- SunVault Energy and Edison Power Co. have signed a solar energy generation and large scale battery storage project for three fire stations in Delaware.
The total size of the project is 484 kW with both solar photovoltaics and a 600-kW/300-kWh battery storage system.
SunVault indicated in a statement that the project will have EBITDA of about $250,000 a year for the expected 20-year life of the project.
SunVault Energy and Edison Power Co. are among the most recent partners to develop a solar+storage project. Their project, to install 484 kW of solar panels and 600 kW/300 kWh of storage on three firehouses in Delaware, is relatively small, but the companies’ ambitions are large.
The installation is being project financed and built on a build-own-operate-transfer model and involves a power purchase agreement with a utility operator, SunVault CEO Gary Monaghan said.
The company indicated construction on the project will be able to start immediately because SunVault has an existing inventory of solar panels. In addition to conventional solar panels, the project will use a SunVault/Edison Graphene Electrical Energy Storage device, if certification of the device can be obtained in time.
"We are very pleased to be brought into this deal by Edison in Delaware and look forward to progressive expansion as we build out," Monaghan said in a statement.
“We like infrastructure projects,” Monaghan told Utility Dive, adding that his team at SunVault has the experience and background to get them done.
The company’s website lists former U.S. Secretary of Energy Bill Richardson and Dr. Robert Murray-Smith, a scientist involved in graphene research, as directors.
Edmonton, Alberta-based SunVault has close ties to Edison Power Co., who Monaghan said brought the Delaware project to SunVault. He said the firehouse installations could lead to the development of another 3 MW of projects, for schools in the same region.
In April 2015, SunVault signed a binding letter of intent under which Edison Power would serve as a retail power provider in deregulated markets. At the time, SunVault said its first focus would be the Alberta market, followed by other markets that have time-of-use pricing.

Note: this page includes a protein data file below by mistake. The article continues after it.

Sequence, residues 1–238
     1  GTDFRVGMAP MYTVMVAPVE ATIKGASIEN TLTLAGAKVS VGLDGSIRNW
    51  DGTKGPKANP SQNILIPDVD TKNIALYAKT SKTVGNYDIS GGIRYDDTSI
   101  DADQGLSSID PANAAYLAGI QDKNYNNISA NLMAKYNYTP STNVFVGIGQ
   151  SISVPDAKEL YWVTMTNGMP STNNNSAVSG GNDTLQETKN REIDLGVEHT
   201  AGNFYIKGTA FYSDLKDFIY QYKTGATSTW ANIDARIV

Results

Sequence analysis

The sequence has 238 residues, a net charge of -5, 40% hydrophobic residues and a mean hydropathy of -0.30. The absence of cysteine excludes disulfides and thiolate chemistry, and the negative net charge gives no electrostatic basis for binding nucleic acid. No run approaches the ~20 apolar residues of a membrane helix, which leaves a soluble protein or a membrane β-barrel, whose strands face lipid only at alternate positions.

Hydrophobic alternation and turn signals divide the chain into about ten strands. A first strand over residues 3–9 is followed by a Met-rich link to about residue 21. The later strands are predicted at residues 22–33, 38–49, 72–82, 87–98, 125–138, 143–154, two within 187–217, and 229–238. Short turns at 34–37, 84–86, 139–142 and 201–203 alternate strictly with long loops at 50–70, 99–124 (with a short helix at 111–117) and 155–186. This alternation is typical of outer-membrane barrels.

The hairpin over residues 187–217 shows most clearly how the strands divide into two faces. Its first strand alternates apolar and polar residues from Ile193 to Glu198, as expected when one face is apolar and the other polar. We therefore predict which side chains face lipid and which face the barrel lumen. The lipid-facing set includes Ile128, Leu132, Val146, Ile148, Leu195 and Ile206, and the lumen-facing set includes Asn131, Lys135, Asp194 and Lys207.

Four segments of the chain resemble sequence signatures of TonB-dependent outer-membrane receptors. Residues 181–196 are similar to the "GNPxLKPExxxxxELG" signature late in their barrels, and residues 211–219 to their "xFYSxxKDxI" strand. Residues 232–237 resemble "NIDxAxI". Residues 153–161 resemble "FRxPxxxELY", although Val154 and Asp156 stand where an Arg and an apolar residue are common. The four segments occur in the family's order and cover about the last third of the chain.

Monaghan said the relationship will begin the process of introducing the company’s graphene supercapacitor storage technology into the market for grid stabilization.
Graphene seems to be at the heart of SunVault’s ambitions. It is an allotrope of carbon and is also called a two dimensional element because it is only one atom thick.
Graphene is thin, transparent, about 200 times stronger than steel and conducts electricity better than copper. When it comes to storing energy, “It is about seven times better performing than lithium-ion,” Monaghan said. Graphene is lighter weight, more conductive, does not need cooling, charges faster and has a long life cycle, he added, adding that it is also cheaper than lithium-ion, costing about $300/kW compared with about $1,000/kW for li-ion.
When graphene storage technology hits the market, it will be “spectacular,” Monaghan said. SunVault is working on two types of graphene storage devices, a supercapacitor for quick response applications and a battery for longer discharge uses.
Monaghan said SunVault is in the process of getting third-party verification of its graphene energy storage technology and will follow that with certification, which he hopes to obtain by the end of March.
He also said SunVault has sent a 5-kW prototype graphene battery to a utility for field testing. He declined to name the utility.
In addition to uses on electric grid, Monaghan envisions a variety of uses for graphene storage, including cell phones and electric vehicles.
SunVault and Edison Power also are developing an electric car.
Corporate plans call for Edison Power to acquire SunVault’s shares to create a single stock and to bring “all the technology under one roof,” Monaghan said.
Graphene was first isolated at a laboratory at the University of Manchester in England in 2004. Since then, hundreds of laboratories and research institutions have sprung up around the world to work on graphene technology. And, in addition to start-ups like SunVault and Graphene Batteries of Norway, several large corporations such as BASF, Repsol, Lockheed Martin and Samsung are engaged in graphene research.
Despite the promise of graphene as an energy storage material, some scientists say the requisite breakthroughs are still to come. One of the biggest hurdles, they say, is bridging the gap between lab performance and commercialization and being able to economically manufacture graphene of high enough quality.